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Complications of HIV; HIV+ Not in Care or Being Tested
  Mitchell Wolfe from the CDC reported how since HAART became available in 1996 deaths among HIV+ people due to opportunistic infections have declined. The proportions of death due to many AIDS-related conditions have decreased since the availability of HAART therapy. But there is concern that deaths from somenon-AIDS-related causes such as liver and kidney disease are increasing as adverse outcomes from therapy or because people are living longer with HIV infection. In this study Mitchell examined diagnoses present at death to determine trends in causes of death since the advent of HAART therapy. Overall, he found the death rate among HIV-infected patients is lower since HAART became available. Deaths due to certain opportunistic infections is much lower but deaths due to liver disease, kidney disease, wasting, and non-Hodgkins lymphoma are increasing. The decrease in deaths and decrease due to opportunistic infections is due to improved treatment for HIV and improved prophylaxis for opportunistic infections. However, the bad news is that patients are still dying from PCP and other opportunistic infections. This is in part due to patients presenting themselves late for HIV diagnosis and care. It is in part due to individuals being afraid to test for HIV because they are afraid to enter care and take HIV drugs. They are afraid of the medical system. Perhaps, better outreach, education, and prevention programs can teach individuals that testing and entering care can help them and is not so foreign. In addition, the medical sysatem needs to improve itıs care for IVDUs and individuals threatened by them. Oftentimes, IVDUs with HIV have never entered the care system; they have used only the emergency room. They may have taken an HIV test but often do not return for results. They are often not welcome or feel threatened by the care system. Upon entering the care system they have no experience on how to navigate the system and negotiate with doctors and providers.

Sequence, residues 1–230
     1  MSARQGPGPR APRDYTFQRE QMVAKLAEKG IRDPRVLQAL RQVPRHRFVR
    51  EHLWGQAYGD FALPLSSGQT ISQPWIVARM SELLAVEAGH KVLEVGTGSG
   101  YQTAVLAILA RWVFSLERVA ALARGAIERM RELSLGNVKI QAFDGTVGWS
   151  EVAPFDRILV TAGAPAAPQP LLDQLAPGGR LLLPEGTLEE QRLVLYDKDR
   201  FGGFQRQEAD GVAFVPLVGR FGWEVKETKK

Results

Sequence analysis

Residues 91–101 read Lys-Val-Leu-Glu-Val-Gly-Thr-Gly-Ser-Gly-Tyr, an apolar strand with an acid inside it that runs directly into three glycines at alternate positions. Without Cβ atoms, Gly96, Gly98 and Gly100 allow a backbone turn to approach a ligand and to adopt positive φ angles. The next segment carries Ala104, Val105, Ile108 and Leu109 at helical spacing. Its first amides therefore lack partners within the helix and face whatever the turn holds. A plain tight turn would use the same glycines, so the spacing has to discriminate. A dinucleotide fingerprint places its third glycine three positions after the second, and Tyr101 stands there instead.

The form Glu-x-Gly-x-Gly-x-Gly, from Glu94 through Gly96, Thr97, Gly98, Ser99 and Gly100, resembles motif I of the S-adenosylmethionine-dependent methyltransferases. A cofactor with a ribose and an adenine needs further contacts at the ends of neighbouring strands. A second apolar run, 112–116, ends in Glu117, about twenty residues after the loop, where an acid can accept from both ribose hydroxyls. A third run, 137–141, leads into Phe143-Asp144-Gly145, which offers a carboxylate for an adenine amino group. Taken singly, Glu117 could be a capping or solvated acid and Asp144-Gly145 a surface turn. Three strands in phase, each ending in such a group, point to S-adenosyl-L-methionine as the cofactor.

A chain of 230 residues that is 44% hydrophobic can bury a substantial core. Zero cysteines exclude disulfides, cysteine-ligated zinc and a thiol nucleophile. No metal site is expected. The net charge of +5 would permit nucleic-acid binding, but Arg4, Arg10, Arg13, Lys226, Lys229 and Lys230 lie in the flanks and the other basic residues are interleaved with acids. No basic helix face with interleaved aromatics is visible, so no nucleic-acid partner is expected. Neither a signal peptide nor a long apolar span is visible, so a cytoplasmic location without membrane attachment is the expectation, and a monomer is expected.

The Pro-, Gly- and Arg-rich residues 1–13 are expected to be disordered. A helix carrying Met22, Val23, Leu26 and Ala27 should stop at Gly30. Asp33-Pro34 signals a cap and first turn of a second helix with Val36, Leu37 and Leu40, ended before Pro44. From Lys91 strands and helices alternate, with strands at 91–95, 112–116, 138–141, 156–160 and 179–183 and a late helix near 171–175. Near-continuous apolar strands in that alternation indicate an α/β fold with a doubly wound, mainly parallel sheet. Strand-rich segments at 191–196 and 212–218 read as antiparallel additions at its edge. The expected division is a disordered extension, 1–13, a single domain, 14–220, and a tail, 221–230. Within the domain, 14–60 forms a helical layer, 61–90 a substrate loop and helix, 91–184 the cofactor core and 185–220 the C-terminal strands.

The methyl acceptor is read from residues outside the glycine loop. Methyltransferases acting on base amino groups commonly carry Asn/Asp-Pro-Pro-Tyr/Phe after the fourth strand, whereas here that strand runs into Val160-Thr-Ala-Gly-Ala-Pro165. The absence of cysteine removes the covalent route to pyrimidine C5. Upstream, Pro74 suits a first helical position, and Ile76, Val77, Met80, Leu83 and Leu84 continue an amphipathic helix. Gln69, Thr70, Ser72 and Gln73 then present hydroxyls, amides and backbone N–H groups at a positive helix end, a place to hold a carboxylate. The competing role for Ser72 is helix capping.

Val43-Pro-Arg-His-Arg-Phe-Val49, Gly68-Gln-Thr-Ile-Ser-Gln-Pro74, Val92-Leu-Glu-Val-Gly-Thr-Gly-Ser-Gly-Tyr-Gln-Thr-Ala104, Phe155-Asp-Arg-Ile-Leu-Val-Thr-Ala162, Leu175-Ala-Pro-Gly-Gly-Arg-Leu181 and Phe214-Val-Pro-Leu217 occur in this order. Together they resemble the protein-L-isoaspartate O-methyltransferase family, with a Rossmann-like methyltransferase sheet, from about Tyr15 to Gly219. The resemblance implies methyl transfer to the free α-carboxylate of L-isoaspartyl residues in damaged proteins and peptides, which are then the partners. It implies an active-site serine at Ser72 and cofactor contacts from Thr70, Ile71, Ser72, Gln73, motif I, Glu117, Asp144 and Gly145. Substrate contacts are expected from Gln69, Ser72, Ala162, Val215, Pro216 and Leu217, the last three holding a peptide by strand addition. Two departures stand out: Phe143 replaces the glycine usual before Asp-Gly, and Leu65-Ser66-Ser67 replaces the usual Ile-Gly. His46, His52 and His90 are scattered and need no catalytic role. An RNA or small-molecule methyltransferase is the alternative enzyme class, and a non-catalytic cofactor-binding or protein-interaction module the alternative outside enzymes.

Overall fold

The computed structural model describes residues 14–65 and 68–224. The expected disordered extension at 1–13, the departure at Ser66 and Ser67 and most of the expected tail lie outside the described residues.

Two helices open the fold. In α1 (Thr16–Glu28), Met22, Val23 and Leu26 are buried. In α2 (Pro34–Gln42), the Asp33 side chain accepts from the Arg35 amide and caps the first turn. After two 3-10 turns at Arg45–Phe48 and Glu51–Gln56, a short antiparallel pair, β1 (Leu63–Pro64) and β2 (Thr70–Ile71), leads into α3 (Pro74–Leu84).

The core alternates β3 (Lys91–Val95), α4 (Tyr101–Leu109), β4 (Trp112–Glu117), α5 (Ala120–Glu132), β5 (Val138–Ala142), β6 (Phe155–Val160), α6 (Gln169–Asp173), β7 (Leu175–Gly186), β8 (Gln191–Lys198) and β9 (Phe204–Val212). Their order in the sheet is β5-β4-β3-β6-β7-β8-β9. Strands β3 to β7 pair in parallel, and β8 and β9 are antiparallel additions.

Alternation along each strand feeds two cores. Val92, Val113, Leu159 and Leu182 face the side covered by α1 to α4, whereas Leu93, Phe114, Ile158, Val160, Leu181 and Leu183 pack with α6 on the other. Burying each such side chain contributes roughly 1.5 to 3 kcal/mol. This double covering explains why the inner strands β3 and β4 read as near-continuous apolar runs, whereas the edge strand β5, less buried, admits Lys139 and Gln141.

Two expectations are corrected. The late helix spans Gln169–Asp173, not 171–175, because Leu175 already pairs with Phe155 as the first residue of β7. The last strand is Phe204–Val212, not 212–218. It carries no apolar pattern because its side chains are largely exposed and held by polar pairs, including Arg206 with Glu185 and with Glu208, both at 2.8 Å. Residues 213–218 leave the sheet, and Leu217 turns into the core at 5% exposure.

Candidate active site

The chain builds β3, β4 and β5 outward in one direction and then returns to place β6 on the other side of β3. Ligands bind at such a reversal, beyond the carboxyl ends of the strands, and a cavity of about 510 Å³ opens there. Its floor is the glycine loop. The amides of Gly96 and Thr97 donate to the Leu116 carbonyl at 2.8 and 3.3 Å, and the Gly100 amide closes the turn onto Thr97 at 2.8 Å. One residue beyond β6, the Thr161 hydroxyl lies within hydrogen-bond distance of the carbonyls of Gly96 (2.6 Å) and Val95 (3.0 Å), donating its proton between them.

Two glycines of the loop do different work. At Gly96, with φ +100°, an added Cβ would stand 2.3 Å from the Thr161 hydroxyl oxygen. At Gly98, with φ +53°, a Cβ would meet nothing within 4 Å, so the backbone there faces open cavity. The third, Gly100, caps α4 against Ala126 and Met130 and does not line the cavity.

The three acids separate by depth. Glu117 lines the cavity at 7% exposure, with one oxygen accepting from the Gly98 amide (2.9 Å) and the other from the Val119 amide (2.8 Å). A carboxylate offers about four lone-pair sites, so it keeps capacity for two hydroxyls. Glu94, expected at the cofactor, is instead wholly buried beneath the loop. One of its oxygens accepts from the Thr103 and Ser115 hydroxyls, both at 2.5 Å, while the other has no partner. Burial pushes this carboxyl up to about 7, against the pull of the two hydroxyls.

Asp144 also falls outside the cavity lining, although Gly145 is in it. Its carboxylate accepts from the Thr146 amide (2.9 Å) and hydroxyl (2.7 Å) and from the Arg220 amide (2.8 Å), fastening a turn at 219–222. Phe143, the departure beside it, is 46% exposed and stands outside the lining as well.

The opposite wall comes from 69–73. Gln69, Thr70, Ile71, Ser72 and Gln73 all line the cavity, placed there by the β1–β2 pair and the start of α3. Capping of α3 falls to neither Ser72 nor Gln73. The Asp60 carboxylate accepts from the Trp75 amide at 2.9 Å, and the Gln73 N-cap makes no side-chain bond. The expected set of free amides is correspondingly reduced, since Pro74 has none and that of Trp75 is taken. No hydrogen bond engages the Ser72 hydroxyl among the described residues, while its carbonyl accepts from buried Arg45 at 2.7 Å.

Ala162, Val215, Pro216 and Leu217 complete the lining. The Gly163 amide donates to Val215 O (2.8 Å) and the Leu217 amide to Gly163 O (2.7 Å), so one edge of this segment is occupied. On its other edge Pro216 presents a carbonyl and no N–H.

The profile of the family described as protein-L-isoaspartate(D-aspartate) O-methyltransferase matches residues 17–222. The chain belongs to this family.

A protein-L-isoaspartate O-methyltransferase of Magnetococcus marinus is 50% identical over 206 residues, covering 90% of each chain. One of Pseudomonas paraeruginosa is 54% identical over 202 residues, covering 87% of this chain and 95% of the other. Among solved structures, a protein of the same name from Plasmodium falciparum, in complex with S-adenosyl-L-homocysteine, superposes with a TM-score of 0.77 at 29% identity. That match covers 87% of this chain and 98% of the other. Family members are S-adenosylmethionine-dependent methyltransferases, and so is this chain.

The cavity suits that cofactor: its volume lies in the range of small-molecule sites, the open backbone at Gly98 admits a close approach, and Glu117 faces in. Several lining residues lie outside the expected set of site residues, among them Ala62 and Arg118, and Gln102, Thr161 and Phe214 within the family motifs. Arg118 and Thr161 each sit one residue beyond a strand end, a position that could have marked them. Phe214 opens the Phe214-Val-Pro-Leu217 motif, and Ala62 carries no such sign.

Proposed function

Data were obtained from the Adult and Adolescent Spectrum of HIV Disease (ASD) study, an ongoing medical record-review observational cohort study in 11 U.S. cities that has followed over 54,000 HIV-infected persons since 1990. They analyzed data from persons who died in 1992-2000, comparing diagnosis rates during 1992-1995 (pre-HAART) with those in 1996-2000 (HAART). We restricted analysis to 6 sites that collected death certificate cause-of-death data.
From 1992 through 2000, we observed a total of 7188 deaths, 4870 (68%) during the pre-HAART period, and 2318 (32%) during the HAART period. Compared with the pre-HAART period, proportions of deaths with the following conditions decreased for tuberculosis (reduced by over 50%), non-TB mycobacterial infections (reduced by 30%), pneumocystis pneumonia (reduced by 30%), and toxoplasmosis (reduced by 30%). Proportions of deaths increased for liver disease (increased by 60% from 5% to 8%), non-Hodgkins lymphoma (increased by 50%), cachexia/wasting (increased by 30%), kidney disease (increased by 30%), and sepsis (increased by 20%). Although not reaching statistical significance, the trend for ischemic heart disease (increased by almost 100%) was suggestive of an increase in proportion of deaths. Itıs important to bear in mind that although the increases in percentages look scary ­ 30%, 100%, etc. ­ the overall number of deaths due to these causes is low- usually a few percentage points. For example, another study at this Conference looked at a patient group of 3000 and found rate of grade 4 or worse liver conditions including death was 6%, and for kidney related events it was less than 2%.